But at some other level it seems false to say the universe and the physical facts that make it up are the same - because what I am thinking isn't really identical. 1+1 and 2 are identical, and they should be entirely interchangable in a concversation - ie any where 2 occurs should be jsut the same with (1+1) in it... but they don't quite feel identical.

so what is the difference? well as a scientist might say - it is the level at which I am looking at P. In a sense, the perspective.

So why do I find this interesting? well it is a bit like how I explain first person experience or as zombie philosophers might say "the hard problem" except that it applies to a physicalist view of quantative ones. Ie that first person experience is a required perspective as is the low level analysis (the basic laws of hte universe) and the high level one (the universe). the latter two are far enough apart to give the same sort of feeling of incompatability as the first two and yet in a different sense we know they are compatable.

So lets say i concieve of a planet. I am visualising me seeing the earth from outer space as an astronaught - a perspective that could exist. Now I'll concieve of a molecule - now I'm imagining a model from a text book (because it wouldn't look like that in real life). I might even imagine a molecule as a set of facts like having a certain weight (as if I had some sort of 'weight vision").

If we dont shift the perspective like this then when I imagine a chair and imagine the molecues that make it up I could not tell the difference at all - it would just be a chair. Similarly if I imagine a human sans qualia and a human without using some sort of 'super qualia vision' I can't tell the differnce.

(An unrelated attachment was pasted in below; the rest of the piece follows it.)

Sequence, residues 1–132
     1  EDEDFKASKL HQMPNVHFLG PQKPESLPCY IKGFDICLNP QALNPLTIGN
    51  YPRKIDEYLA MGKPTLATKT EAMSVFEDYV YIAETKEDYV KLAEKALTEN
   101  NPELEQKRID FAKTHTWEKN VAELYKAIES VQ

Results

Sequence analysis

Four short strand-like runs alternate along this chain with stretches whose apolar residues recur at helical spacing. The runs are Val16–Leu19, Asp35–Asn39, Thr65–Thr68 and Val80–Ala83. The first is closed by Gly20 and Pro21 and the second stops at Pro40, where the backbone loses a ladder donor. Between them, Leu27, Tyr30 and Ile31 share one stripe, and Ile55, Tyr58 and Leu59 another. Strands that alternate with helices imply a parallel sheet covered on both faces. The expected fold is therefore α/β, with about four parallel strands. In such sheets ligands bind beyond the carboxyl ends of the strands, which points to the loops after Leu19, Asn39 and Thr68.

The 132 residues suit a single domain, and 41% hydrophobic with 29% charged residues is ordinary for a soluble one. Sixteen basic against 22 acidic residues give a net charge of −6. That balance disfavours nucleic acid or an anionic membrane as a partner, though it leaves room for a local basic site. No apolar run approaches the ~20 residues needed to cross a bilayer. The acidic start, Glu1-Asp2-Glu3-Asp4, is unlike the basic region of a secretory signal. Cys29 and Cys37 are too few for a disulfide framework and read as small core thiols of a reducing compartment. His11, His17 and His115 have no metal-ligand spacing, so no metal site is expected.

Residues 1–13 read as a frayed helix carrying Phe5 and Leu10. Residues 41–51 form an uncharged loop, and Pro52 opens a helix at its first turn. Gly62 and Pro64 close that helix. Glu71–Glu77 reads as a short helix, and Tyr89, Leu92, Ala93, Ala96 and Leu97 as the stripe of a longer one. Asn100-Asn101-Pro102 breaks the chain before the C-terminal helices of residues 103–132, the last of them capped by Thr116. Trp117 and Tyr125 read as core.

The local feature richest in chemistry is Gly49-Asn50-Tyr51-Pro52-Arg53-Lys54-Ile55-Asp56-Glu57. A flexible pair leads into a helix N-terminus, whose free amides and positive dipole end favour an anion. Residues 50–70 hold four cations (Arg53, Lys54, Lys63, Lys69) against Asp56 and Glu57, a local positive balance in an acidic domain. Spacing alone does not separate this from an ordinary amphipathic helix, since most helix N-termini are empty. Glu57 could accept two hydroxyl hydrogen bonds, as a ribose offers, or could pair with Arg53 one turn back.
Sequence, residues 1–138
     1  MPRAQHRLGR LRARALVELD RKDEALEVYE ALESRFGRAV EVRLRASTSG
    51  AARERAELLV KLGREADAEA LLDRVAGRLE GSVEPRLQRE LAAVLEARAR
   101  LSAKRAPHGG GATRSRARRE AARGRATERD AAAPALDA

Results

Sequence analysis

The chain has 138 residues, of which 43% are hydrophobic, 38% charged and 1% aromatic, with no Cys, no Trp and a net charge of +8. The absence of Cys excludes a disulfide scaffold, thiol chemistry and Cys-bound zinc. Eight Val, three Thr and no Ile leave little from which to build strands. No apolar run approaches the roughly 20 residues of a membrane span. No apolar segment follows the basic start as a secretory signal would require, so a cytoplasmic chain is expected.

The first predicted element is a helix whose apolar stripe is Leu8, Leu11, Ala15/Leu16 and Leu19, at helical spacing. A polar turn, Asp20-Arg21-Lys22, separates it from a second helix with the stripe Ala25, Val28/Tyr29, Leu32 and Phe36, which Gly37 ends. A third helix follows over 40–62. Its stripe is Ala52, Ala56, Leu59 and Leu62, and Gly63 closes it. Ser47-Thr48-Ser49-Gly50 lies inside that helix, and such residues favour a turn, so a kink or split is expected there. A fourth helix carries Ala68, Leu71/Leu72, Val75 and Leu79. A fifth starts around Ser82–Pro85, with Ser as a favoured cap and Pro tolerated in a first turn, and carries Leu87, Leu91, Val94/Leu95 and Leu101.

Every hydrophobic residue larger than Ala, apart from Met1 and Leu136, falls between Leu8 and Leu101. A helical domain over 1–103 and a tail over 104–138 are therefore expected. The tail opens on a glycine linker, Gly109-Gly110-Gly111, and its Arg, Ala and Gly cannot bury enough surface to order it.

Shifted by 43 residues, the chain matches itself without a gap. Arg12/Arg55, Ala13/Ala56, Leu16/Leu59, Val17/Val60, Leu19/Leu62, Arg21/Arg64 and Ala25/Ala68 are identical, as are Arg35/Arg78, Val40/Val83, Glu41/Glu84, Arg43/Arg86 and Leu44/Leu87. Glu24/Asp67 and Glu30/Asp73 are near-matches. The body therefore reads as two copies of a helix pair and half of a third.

Monday, May 11, 2009

Christine Rankin

Christine Rankin has been apointed to the families comission. She was also a strong advocate for the repeal of the anti smacking bill. As such Sue bradford argued she was an inapropriate appointment.

I think that Sue may be right but she put her argument badly. She thinks Rankin is wrong because the anti smacking bill is a good thing - but that isa obviously disputed by the other side.

the question I as is, is the families comission supposed to be advocates for children like a union leader is supposed to be an advocate for workers. Right or wrong smacking is primarily alack of a right of the children (right to protection from it). In the same way as an employer might want the right to force employers to work overtime. If a union worker was openly advocating that bosses be able to force staff to work overtime it would be a bit odd to say the least. that would be true EVEN IF it was proven that forcing staff to work overtime was beneficial for them (afterall they get more money). Similar examples exist in law with defence and procecution.


Ruchard Chappel is back on one of my favourite topics utiltiarianism . And as usual he fires off all my "somthing is wrong on the internet" instincts.

he argues that it is bad to ignore higher-order evidence of our own fallibility. Well the confusing thing is that in one sense I cant imagine a utilitarian arguing that you should ignore your own falibility. I get the feeling there is a straw man being bashed with a stick - and to a degree this is supported by the fact that noone seems to comment on these posts - or at least not with substance. Still maybe he just needs to reference someone who does actually believe that you can ignore "higher order evidence" and still be a functional utilitarian.

There are lots of contentious statements in the post that would be tempting to challenge, but in the end that would just get off topic. Maybe if he directed his position at a real person/philosopher he might avoid that issue - but his current line doesnt seem to attract any substantive comments. I hope he's getting that debate somwhere else.